We love a costume display. There is nothing better than opening up a box filled with costumes. Pulling out our mannequins and playing dress up really makes our day. This is why few years back we decided that investing in costume mannequins was going to be in our best interest. We believe that the costumes are another character in the show and we want you to get up close and personal with these beauties. Check out some of our favorite costume displays throughout the years.

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Masks from Disney’s The Lion King.

While we know the Lion King masks are not costumes exactly, they are a very crucial piece of the show. These masks with their stunning detail and surprisingly light weight fascinated theatre goers in 2014 and 2015

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Phantom of The Opera costumes displayed in the Hollywood Pantages Lobby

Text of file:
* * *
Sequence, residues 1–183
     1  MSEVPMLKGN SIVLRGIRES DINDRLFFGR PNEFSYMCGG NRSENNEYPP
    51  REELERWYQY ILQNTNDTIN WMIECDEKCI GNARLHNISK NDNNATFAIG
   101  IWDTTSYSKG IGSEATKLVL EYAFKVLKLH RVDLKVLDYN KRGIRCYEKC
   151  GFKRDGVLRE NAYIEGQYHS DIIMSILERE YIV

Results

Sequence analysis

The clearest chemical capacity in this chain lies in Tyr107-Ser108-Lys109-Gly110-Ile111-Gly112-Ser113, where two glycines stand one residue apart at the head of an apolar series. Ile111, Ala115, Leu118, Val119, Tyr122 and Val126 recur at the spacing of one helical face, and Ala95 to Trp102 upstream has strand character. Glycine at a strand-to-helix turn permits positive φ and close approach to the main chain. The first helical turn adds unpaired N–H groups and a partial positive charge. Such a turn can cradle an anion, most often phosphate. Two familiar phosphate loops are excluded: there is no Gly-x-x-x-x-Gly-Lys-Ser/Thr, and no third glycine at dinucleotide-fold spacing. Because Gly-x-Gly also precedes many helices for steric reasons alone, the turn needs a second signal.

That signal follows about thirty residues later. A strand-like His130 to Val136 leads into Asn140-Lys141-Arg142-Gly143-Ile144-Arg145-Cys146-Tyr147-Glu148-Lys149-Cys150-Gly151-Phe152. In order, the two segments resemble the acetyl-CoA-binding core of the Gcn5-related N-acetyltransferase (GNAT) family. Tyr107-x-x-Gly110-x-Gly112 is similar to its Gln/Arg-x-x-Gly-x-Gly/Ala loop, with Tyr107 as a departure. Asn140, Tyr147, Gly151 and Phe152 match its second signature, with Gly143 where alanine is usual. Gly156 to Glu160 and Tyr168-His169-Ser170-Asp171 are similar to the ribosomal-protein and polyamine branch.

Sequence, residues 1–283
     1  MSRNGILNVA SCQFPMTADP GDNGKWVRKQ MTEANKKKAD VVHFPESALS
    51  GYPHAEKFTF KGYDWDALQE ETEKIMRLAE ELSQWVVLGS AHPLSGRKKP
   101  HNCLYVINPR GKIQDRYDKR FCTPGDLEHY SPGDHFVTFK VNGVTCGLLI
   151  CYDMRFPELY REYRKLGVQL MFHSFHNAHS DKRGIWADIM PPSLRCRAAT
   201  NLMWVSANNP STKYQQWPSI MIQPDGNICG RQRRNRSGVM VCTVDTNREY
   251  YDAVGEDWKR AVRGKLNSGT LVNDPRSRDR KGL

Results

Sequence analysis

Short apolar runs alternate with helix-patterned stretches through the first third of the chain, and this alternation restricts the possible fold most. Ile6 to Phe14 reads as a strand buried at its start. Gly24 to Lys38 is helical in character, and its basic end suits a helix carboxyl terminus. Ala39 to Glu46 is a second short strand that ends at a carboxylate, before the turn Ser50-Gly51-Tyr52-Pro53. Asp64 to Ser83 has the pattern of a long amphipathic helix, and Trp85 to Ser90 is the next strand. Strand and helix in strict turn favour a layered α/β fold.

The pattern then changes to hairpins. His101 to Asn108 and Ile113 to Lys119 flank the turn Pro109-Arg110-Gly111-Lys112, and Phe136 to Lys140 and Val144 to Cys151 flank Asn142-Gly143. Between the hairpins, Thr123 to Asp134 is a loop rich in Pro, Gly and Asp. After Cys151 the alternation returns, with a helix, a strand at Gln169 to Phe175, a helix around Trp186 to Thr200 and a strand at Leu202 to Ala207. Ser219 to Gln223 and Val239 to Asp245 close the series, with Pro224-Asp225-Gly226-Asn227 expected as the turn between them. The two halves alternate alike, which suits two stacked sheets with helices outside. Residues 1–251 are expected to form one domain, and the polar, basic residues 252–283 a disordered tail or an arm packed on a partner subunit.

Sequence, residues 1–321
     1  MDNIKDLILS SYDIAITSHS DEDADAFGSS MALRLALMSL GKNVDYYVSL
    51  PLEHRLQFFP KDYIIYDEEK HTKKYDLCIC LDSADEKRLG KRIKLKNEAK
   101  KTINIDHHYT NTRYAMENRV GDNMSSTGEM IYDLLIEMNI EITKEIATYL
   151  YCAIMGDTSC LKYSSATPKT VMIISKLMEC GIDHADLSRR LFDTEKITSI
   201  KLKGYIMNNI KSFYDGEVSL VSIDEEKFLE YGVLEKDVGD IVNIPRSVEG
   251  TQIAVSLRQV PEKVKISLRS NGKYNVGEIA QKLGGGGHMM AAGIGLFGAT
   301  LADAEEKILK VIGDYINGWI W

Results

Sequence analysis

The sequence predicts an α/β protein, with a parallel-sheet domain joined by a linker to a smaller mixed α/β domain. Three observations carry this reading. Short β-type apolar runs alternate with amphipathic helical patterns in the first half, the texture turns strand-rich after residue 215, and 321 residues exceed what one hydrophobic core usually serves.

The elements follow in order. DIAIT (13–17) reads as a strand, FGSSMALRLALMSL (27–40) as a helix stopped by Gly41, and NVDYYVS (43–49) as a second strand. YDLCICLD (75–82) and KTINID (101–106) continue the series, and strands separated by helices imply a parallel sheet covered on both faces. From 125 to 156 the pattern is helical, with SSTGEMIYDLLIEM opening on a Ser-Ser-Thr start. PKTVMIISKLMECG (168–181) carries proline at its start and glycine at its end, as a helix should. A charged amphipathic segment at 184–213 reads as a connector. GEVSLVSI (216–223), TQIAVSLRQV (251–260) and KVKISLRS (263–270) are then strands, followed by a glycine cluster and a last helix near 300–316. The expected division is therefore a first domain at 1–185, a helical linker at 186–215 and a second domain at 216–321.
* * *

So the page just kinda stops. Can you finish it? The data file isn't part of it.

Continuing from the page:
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The Phantom of The Opera costumes helped to jazz up our booth at the 2015 Festival of Books

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The Phantom of the Opera costumes at Dodgers Stadium in 2015

Our Phantom costumes got a bit of a workout! Not only did they preside over the lobby during the 2015 run of The Phantom of the Opera but they also traveled to the Festival of Books and Dodgers Stadium to help us promote the show.

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Inside SoCal’s Erica Olsen pictured next to costumes from Bullets Over Broadway

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Costumes for Bullets Over Broadway

Inside Socal’s Erica Olsen got all gussied up to help us promote our pre Bullets Over Broadway speakeasy. The costumes pictured were designed by Tony Award Winner William Ivy Long.

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The Kinky Boots

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Cyndi Lauper and Harvey Fierstein showed off the Kinky Boots while receiving their stars on the Hollywood Walk of Fame

While these Kinky Boots never made it to the lobby, they served a pivotal role in the star ceremony for Harvey Fierstein and Cyndi Lauper.

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Ensemble gown from 42nd Street